Birmingham Magistrates’ Court has recently imposed a massive fine upon a Warwick based company (‘the company’) following an accident which sadly resulted in an employee suffering a fatal injury.
The company had pleaded guilty to breaches of Health & Safety Regulations.
Amandeep Murria of Kangs Solicitors comments upon this recent Prosecution.
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The Circumstances | Kangs Health and Safety Solicitors
On 18 June 2017, the employee was using high-pressure water jetting equipment to clear paint residue from pipes in the company’s paint shop when he was struck by a hose attachment which, sadly, resulted in the fatal injury.
An investigation by the Health and Safety Executive concluded that:
- although the company had carried out an assessment identifying the risks for using and operating the equipment, the appropriate measures required to substantially minimise the risks to health & safety were not properly implemented.
- the training and supervision provided by the company was of a poor standard.
Relevant Law | Kangs Solicitors Health and Safety Team
The Health and Safety at Work etc. Act 1974 (‘the Act’) provides:
‘2 General duties of employers to their employees.
(1) It shall be the duty of every employer to ensure, so far as is reasonably practicable, the health, safety and welfare at work of all his employees.
(2) Without prejudice to the generality of an employer’s duty under the preceding subsection, the matters to which that duty extends include in particular—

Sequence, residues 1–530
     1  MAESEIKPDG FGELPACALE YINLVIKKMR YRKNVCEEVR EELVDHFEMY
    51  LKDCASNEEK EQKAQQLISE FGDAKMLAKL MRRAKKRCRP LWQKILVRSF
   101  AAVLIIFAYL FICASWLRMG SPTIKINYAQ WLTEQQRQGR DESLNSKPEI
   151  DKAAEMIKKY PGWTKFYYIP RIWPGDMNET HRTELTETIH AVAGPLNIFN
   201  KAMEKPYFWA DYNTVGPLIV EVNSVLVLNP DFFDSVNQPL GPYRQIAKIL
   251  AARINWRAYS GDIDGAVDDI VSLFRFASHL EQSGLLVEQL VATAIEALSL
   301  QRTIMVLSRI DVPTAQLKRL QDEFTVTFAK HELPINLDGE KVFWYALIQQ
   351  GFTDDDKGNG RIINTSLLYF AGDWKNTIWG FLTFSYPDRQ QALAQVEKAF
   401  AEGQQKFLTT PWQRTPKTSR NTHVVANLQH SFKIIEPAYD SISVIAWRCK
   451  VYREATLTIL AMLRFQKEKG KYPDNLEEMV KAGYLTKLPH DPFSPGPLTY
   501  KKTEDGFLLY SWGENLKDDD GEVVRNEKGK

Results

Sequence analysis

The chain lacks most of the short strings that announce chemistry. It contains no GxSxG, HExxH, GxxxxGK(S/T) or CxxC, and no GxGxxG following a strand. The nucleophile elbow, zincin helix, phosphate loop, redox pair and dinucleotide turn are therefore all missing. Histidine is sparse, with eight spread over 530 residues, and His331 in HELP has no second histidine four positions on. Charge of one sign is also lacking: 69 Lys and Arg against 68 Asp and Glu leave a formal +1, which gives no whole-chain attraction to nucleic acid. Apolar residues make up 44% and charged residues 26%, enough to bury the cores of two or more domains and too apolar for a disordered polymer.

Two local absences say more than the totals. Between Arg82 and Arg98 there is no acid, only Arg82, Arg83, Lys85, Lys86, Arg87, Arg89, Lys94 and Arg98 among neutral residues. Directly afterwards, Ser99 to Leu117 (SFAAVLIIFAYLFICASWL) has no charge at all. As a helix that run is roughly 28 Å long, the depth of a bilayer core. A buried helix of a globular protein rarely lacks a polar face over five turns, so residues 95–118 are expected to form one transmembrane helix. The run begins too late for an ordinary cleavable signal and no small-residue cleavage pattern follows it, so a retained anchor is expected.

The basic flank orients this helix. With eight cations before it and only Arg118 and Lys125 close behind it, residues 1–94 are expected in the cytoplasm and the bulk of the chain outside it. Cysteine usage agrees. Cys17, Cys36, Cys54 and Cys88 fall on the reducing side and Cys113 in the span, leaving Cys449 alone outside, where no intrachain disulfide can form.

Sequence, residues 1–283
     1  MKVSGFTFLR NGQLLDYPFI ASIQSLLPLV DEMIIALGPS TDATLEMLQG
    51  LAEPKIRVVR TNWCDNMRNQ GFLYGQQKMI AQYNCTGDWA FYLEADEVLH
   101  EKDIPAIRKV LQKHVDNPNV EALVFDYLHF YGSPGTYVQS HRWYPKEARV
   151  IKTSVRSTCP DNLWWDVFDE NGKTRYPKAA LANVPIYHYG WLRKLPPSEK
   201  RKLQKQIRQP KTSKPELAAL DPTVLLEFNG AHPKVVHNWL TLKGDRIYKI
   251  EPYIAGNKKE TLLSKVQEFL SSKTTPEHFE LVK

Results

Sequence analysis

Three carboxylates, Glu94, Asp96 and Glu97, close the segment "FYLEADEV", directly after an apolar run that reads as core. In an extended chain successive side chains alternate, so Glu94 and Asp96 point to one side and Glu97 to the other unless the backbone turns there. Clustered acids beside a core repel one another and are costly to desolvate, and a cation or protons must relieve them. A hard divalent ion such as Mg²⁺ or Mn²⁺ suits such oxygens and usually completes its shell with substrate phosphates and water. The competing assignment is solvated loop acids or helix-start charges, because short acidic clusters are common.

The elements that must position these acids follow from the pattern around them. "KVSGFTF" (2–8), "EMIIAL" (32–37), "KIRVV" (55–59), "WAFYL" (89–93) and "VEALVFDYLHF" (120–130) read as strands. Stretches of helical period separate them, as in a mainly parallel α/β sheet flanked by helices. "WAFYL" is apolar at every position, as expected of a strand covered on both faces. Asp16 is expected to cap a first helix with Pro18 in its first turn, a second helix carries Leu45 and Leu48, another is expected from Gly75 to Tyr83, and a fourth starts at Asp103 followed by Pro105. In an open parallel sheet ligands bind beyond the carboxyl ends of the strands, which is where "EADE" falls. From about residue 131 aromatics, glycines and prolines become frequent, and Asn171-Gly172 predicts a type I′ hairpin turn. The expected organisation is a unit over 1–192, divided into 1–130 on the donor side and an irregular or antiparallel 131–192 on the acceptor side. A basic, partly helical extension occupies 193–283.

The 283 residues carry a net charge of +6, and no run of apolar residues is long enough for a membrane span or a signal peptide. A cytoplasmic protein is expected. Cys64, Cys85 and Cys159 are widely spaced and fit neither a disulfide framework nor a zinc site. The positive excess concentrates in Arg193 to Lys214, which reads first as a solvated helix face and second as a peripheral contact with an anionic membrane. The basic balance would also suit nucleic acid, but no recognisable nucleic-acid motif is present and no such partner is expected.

(a) the provision and maintenance of plant and systems of work that are, so far as is reasonably practicable, safe and without risks to health;
(b) arrangements for ensuring, so far as is reasonably practicable, safety and absence of risks to health in connection with the use, handling, storage and transport of articles and substances;
(c) the provision of such information, instruction, training and supervision as is necessary to ensure, so far as is reasonably practicable, the health and safety at work of his employees;
(d) so far as is reasonably practicable as regards any place of work under the employer’s control, the maintenance of it in a condition that is safe and without risks to health and the provision and maintenance of means of access to and egress from it that are safe and without such risks;
(e) the provision and maintenance of a working environment for his employees that is, so far as is reasonably practicable, safe, without risks to health, and adequate as regards facilities and arrangements for their welfare at work.’
The Hearing | Kangs Health and Safety Solicitors
The company pleaded guilty to breaching Regulation 2 (1) of the Act and was:
- fined £2,000,000.00
- ordered to pay Prosecution Costs of £30,000.
An Inspector from the Health & Safety Executive, was quoted as saying:
‘Companies must understand that high risk activities require a thorough risk assessment process and robust management systems to protect their employees from risk of serious or fatal injuries.
It is not good enough for companies to assume they are doing all they can to control the risk just because there have been no previous incidents.’
How Can We Help? | Kangs Safety At WorkSolicitors
Our specialist solicitors provide advice and assistance throughout the entire criminal process, from the initial intervention by the Health and Safety Executive through to enforcement, interview under caution and ultimately the defence of any ensuing criminal prosecution.
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